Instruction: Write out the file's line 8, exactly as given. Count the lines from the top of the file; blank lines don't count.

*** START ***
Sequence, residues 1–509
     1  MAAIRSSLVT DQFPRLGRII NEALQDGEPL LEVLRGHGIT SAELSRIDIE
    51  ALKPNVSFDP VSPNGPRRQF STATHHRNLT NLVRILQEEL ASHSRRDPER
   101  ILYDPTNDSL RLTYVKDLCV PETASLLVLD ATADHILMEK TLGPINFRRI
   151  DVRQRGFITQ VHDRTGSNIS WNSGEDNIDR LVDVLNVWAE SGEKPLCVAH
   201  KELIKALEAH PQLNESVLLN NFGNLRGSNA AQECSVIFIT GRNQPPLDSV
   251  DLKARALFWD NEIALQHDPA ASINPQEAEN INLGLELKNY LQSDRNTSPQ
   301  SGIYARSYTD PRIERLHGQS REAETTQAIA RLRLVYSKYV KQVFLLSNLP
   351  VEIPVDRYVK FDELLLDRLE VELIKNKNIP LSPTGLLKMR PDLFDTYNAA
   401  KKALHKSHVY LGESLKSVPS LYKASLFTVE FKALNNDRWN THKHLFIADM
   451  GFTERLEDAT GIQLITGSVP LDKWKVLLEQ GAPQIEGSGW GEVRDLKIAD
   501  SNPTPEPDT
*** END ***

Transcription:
   301  SGIYARSYTD PRIERLHGQS REAETTQAIA RLRLVYSKYV KQVFLLSNLP